KAPLAN v. CALIFORNIA
419 U.S. 915 (1974)

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U.S. Supreme Court

KAPLAN v. CALIFORNIA , 419 U.S. 915 (1974)

419 U.S. 915

Murray KAPLAN
v.
State of CALIFORNIA.
No. 73-1722.

Supreme Court of the United States

October 21, 1974

On petition for writ of certiorari to the Appellate Department of the Superior Court of California, for the County of Los Angeles.

The petition for a writ of certiorari is denied.

Mr. Justice BRENNAN, with whom Mr. Justice STEWART and Mr. Justice MARSHALL join, dissenting.

Petitioner was convicted in the Municipal Court of Los Angeles of selling an allegedly obscene book in violation of California Penal Code 311.2, which provided in pertinent part at the time of the alleged offense as follows:

    'Every person who knowingly . . . prepares, publishes, prints, exhibits, distributes, or offers to distribute . . . any obscene matter, is guilty of a misdemeanor.'

As used in 311.2, 'obscene' meant that:

    'to the average person, applying contemporary standards, the predominant appeal of the matter, taken as a whole, is to prurient interest, i. e., a shameful or morbid interest in nudity, sex, or excretion, which goes substantially beyond customary limits of candor in description of such matters and is matter which is utterly without redeeming social importance.' Id., at 311(a).

    Page 419 U.S. 915 , 916

    On appeal, the Appellate Department of the Superior Court of California for the County of Los Angeles affirmed the conviction. Certification to the Court of Appeal was sought and denied. This Court then granted certiorari, vacated the judgment of the Appellate Department, and remanded for consideration in light of Miller v. California, 413 U.S. 15 (1973), and companion cases. 413 U.S. 115 (1973). On remand, the Appellate Department again affirmed the conviction.

Mr. Justice DOUGLAS, being of the view that any state or federal ban on, or regulation of, obscenity is prohibited by the Constitution, Miller v. California, 413 U.S. 15, 43-48; Paris Adult Theatre v. Slaton, 413 U.S. 49, 70-73, would grant certiorari in this case and summarily reverse.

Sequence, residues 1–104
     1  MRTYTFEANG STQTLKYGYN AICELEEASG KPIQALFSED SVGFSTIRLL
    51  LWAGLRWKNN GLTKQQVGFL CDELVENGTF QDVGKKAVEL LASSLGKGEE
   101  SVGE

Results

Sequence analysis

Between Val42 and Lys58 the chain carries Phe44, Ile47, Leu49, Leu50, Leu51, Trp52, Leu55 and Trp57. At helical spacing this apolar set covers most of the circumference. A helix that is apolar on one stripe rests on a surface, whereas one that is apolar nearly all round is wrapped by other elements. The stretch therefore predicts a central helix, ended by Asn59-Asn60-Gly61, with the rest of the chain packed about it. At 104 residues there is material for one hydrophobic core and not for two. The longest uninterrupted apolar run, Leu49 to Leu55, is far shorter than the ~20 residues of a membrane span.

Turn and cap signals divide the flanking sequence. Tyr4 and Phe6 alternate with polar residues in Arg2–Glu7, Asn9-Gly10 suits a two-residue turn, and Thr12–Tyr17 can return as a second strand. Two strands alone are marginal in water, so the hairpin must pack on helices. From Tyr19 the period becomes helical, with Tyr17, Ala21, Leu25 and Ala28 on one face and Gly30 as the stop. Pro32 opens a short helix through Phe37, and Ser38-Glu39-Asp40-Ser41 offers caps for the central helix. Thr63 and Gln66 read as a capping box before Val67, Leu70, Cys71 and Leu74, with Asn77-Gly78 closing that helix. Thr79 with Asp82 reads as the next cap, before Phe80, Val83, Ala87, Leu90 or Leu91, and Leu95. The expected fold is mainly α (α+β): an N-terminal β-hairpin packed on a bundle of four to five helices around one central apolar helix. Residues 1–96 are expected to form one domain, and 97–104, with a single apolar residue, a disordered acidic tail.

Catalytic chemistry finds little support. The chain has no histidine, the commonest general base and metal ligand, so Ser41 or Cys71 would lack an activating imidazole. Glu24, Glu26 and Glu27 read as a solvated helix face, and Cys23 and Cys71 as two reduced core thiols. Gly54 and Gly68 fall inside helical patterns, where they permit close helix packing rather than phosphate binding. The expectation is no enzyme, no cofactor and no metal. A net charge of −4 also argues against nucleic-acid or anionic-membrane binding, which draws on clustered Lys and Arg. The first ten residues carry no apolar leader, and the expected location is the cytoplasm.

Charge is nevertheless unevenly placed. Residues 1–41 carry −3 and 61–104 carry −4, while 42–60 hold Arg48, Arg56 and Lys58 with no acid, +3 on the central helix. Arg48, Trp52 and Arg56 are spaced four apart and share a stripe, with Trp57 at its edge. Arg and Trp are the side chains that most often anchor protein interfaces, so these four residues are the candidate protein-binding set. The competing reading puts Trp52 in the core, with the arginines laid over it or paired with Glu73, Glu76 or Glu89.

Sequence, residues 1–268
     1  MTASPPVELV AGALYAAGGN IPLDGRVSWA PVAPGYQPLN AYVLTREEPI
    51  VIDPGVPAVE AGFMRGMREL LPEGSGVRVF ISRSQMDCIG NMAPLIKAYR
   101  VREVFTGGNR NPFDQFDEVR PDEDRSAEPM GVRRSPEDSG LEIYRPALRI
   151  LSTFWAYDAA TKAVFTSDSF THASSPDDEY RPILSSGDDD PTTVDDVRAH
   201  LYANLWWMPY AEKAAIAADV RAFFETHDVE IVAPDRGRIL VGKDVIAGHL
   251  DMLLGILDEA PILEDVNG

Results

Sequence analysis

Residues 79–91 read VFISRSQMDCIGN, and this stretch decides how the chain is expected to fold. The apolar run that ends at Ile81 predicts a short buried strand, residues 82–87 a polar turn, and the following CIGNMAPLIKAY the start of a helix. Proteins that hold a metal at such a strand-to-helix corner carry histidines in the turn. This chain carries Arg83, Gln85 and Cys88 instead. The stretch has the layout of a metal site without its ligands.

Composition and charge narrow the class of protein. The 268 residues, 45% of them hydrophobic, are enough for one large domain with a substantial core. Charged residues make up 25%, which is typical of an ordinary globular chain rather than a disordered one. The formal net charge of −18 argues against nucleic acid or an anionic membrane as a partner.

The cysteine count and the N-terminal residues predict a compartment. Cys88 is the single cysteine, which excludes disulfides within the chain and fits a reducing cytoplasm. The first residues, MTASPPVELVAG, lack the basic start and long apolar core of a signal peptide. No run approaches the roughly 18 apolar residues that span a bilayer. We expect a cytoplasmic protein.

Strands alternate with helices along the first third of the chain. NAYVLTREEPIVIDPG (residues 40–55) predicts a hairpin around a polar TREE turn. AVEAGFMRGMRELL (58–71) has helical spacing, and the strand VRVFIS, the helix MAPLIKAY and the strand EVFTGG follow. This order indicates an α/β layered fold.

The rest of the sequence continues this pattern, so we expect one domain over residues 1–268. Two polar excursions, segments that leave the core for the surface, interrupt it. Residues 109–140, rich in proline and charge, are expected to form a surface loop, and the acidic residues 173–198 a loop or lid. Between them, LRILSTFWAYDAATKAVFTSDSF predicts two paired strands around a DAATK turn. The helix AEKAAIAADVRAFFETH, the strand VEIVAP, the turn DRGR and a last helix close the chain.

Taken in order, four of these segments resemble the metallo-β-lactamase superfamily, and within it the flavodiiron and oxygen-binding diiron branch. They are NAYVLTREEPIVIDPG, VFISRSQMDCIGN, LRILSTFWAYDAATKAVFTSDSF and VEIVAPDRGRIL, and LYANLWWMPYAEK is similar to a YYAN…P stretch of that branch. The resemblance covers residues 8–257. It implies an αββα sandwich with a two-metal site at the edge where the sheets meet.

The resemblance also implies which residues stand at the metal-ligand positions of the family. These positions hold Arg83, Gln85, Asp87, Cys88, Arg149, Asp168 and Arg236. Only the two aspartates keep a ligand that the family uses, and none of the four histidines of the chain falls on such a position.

It is my view that 'at least in the absence of distribution to juveniles or obtrusive exposure to unconsenting adults, the First and Fourteenth Amendments prohibit the State and Federal Governments from attempting wholly to suppress sexually oriented materials on the basis of their allegedly 'obscene' contents.' Paris Adult Theatre I v. Slaton, 413 U.S. 49, 113 (1973) (Brennan, J., dissenting). It is clear that, tested by that constitutional standard, 311.2, as it incorporated the definition of 'obscene' of 311, was constitutionally overbroad and therefore invalid on its face. For the reasons stated in my dissent in Miller v. California, 413 U.S. 15, 47 (1973), I would therefore grant certiorari and, since the judgment of the Appellate Department was rendered after Miller, reverse.* In that circumstance, I have no occasion to consider whether the other questions presented merit plenary review. See Heller v. New York, 413 U.S. 483, 494, 495 (1974) (Brennan, J., dissenting).

Further, it does not appear from the petition and response that the obscenity of the disputed materials was adjudged by applying local community standards. Based on my dissent in Hamling v. United States, 418 U.S. 87 (1974), I believe that, consistent with the Due Process [419 U.S. 915 , 917]


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